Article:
It's been a while... sorry...
Toodle-oo! is parked at the bottom of the garden, and it's entirely possible she may stay there all year. There are numberous projects to complete, and with the potential of extensive travel to and from India for my job, maybe it's best to take advantage of the situation and get some of those projects completed.
All new instruments have been purchased. The install is not quite as striaghtforward as some would make out - and may involve drilling new holes in the bottom of the boat. Not something I relish.
A new battery monitor has been purchased - which means that much of the wiring I spent ages doing last year is for nought!
With new monitor and instruments, the nav station needs changing - again, much of last year's work up in smoke!
I'm already in process of fixing up the fridge - getting rid of the skanky old covering in favor of new easy clean surface - we'll see how long that lasts...
Then there's the quarterberth cupboards to install, the galley sink to replace, the shower stall grate to repair, etc, etc, etc...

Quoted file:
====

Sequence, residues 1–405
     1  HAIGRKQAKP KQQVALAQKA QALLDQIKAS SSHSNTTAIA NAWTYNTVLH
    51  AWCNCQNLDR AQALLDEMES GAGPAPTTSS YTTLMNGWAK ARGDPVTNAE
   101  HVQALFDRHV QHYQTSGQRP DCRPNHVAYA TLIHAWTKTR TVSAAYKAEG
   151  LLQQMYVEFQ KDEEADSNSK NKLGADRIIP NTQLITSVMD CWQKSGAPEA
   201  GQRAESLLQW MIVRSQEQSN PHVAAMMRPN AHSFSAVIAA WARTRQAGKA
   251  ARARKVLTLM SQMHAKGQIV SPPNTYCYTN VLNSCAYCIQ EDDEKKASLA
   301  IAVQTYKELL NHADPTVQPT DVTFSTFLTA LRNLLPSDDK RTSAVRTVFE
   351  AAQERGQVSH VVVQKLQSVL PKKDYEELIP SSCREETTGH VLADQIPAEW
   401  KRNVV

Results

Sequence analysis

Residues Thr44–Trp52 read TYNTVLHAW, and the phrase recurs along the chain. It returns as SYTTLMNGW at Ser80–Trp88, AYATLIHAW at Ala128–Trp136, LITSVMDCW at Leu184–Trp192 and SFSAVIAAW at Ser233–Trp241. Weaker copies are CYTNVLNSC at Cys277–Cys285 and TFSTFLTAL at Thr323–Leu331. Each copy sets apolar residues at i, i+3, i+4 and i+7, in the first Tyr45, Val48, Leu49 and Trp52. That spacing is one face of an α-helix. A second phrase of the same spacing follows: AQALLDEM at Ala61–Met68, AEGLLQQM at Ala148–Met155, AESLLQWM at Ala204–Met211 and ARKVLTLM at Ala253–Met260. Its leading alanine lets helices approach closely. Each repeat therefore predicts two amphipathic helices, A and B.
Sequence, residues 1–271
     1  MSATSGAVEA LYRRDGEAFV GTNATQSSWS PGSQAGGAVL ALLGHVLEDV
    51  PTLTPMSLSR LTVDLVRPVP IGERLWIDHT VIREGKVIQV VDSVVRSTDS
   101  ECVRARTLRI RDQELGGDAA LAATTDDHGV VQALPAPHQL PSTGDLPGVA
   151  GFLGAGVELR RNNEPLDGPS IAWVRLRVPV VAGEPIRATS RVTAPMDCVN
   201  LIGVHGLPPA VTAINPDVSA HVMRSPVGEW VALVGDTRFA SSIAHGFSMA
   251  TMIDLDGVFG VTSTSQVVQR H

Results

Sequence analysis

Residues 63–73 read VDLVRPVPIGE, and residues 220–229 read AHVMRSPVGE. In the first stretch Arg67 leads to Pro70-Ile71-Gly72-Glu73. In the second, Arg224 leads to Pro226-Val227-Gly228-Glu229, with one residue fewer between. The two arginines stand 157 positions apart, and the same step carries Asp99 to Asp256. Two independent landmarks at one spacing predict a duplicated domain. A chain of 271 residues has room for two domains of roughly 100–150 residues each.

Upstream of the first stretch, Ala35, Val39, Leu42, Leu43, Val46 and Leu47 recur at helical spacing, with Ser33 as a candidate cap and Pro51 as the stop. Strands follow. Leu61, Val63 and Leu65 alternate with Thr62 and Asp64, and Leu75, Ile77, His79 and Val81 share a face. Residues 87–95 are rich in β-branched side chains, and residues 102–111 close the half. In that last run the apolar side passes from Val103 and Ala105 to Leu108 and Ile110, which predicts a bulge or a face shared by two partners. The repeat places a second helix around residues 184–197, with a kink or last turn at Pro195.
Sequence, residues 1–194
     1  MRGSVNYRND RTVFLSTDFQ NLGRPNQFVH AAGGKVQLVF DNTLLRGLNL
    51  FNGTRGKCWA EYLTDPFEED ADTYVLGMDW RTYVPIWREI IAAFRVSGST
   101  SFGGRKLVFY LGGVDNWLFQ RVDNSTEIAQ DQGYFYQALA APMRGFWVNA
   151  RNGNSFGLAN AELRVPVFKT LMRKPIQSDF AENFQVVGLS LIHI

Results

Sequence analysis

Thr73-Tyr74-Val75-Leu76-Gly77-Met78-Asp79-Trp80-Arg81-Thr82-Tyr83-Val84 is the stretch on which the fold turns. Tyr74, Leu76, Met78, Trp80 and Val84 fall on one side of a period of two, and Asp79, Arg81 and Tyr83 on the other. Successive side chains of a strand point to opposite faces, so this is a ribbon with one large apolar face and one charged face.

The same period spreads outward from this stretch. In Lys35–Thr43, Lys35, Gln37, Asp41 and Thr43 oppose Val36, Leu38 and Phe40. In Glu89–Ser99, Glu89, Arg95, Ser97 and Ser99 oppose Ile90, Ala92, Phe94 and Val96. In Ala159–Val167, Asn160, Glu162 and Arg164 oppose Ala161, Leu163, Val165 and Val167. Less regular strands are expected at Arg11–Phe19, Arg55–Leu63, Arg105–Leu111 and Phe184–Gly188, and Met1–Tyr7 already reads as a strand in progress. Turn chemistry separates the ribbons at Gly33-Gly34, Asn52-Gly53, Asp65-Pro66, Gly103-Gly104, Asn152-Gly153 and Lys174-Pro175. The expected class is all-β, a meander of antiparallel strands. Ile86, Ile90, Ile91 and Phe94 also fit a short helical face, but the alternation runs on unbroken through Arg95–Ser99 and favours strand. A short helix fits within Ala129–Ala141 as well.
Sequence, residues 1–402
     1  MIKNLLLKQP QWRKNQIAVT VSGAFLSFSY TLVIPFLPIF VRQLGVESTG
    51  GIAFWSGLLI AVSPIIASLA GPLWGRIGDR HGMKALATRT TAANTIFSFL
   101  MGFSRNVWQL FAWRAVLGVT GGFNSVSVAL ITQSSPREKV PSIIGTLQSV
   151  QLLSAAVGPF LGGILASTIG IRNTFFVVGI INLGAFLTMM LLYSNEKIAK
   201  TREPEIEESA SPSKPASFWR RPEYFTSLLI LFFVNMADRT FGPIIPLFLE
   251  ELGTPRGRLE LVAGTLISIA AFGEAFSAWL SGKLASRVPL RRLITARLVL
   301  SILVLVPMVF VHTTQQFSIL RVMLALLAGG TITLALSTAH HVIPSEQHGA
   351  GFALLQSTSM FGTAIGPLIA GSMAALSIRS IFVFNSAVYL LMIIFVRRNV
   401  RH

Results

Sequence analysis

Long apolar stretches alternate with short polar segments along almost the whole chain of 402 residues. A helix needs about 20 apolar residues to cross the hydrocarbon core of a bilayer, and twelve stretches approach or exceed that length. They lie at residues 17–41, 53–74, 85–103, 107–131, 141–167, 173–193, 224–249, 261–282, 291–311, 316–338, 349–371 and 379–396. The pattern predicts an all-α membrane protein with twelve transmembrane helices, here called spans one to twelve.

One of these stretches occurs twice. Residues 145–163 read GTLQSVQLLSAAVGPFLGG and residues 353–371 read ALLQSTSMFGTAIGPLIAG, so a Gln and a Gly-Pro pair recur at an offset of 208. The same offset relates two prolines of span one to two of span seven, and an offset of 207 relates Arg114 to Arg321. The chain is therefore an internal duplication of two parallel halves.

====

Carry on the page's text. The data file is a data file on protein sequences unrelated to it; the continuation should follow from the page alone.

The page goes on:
On the other hand, a trip to Bermuda sounds like fun...
Happy New Year!
We hauled Toodle-oo! on September 26th - then flew out to India the following day, returning just yesterday - 3 weeks later. I guess you can say our season is done!
She now sits at the bottom of our yard - awaiting updates and repairs!
We had a good season in 2009 - but no major passages. Not sure what lies ahead for 2010, but will keep you posted.
It was great to be able to set out on Saturday morning with the new gearbox working well - much easier gear shifts than with the old one.
Good job too - since the forecast I have seen shows the highest wind speed at 8mph right through Tuesday! There's bound to be a lot of motoring...
We decided to head through Woods Hole for Falmouth - in search of Peter and Dianne Sterret - friends we knew would be there... We got a slightly later than optimal start (10:30am) as the current in Woods Hole turns against us at about 11:30 - and Woods Hole is 2 hours away...
We arrived at Woods hole in a procession of boats and motored through - but the current right at the center of the passage was fierce and we could make no headway. A traffic jam was piling up behind Toodle-oo! which included an irate fast ferry! So we managed to ease ourselves out of harm's way and make a quick U turn. Falmouth would have to wait until another day.